Memorial Day

When my husband was serving in Vietnam, I had a dream. It was crystal clear. An Army Officer came to my front door. I could read his last name on his uniform, and I knew he was there to tell me bad news.

Luckily, that dream did not come true. My husband came home. He came home wounded due to injuries to his shoulder as his medevac helicopter was shot down during enemy fire, but he came home.

I was fortunate. Eleven days after his crash, I gave birth to our fifth child.

But other women aren’t so fortunate.

memorial day

When my husband and I were first married, we were looking for an apartment to rent, and I remember one widow lady whose home we were invited into had a memorial for her son in her living room. He was killed in WWII. Her only child. It’s been a lot of years since that day, but I still remember the woman and the memorial to her son. What can you say? I was so young, but knew that it was the most defining moment in her life. She lost her only child.

How many mothers, wives and lovers have received the news that their loved one would not be coming back home. How many tears shed?

And the children…
The public service announcement that shows a soldier coming into the classroom and the look on his daughter’s face when she realizes that yes, her daddy is home always brings tears to my eyes. I remember that feeling. I can identify. I missed him so.

Will there ever be a day in history when wars are no more? I doubt it.

When my youngest son was going through boot camp, they asked for volunteers to place flags on the military tombstones and my son volunteered. When it was over, he was thanked. He said, “No, thank you. It was my honor.” I don’t think I’ve ever been as proud of him as at that moment. He understood.

So here is a thank you to all our servicemen and women who have laid down their lives for our country. We honor you for your sacrifice. We remember.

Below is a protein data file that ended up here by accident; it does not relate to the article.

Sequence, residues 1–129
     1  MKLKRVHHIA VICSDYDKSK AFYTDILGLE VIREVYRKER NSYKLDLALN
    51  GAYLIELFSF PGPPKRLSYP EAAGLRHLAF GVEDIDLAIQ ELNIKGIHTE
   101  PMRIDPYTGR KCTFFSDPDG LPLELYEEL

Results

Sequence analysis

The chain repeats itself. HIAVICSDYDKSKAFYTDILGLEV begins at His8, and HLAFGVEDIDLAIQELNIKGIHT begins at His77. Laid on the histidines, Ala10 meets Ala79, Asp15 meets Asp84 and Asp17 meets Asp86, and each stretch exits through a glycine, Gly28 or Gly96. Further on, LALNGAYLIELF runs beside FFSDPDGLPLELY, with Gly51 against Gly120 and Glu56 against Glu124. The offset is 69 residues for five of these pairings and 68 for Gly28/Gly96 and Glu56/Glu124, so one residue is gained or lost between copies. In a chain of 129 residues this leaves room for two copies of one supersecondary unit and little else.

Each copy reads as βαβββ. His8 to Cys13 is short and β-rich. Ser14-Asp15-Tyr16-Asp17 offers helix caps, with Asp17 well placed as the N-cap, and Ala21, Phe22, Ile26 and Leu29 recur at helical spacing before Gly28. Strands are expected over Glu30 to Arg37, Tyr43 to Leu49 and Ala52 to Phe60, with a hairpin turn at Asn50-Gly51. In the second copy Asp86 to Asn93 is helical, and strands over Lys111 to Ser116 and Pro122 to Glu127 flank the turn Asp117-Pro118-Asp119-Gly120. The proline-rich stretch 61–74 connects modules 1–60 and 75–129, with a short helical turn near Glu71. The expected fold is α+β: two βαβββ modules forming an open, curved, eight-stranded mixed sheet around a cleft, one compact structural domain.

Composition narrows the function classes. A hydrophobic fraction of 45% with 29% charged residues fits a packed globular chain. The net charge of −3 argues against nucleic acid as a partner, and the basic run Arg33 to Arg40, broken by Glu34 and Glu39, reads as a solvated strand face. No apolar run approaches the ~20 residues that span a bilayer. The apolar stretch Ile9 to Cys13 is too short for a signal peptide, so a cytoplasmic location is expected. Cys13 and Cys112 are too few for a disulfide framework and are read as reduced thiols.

2 Comments on “Memorial Day”

  1. My father served in the Army for 23 years – in Vietnam, Japan, Korea and Turkey. He never made it to Europe until I was in the Army and he and Mom came to visit me. The only thing he wanted for his funeral was military honors because he deserved them. When he died, the closest military base, Fort Meade, MD, said they didn’t send funeral details that far. My mother was devastated, but the small local college sent an ROTC officer to our house. He said he was on leave from his teaching duties and had been assigned ONLY to her until she was satisfied that the Army had done every thing it could for her and our family. ROTC kids drilled day and night until they were ready to give my Daddy the honor he so richly deserved. I remember the young woman who stood in front of the church on one side of his coffin at full attention throughout the service and even though I was in deep sorrow, I thought how no funeral detail could have been more formal and official than those young people. Daddy got his military honors at a small town cemetery in Northern, PA. Both my brother and I served, but neither in war time and when the priest calls veterans forward on Veterans Day, I go up but I always feel like an impostor as I stand with men who saw real combat, but you know, I am proud of my service even if it was in peace time and behind the lines. I was stationed in Germany, and thought, the other day, how Daddy never saw Europe until he visited me, and now I’m going to see Asia, and I’ll think of him.

    • I went to a Memorial Ceremony today…complete with a 21 gun salute to those that lost their lives in combat. My son, a military historian, gave the speech. It was a heartfelt moment seeing all the veterans from the five branches of service stand tall…and stooped, as their branch was mentioned. The eldest was 93, with several men also in their 90’s. Some men served in two different branches, and they stood twice.

      There was only a few women veterans.

      I’m so delighted that your father was given the honor he deserved Nancy. We should never forget the sacrifices that those who served have given to their country. I know you were proud of him…and so am I. I’m proud of you too for serving. Thank you!

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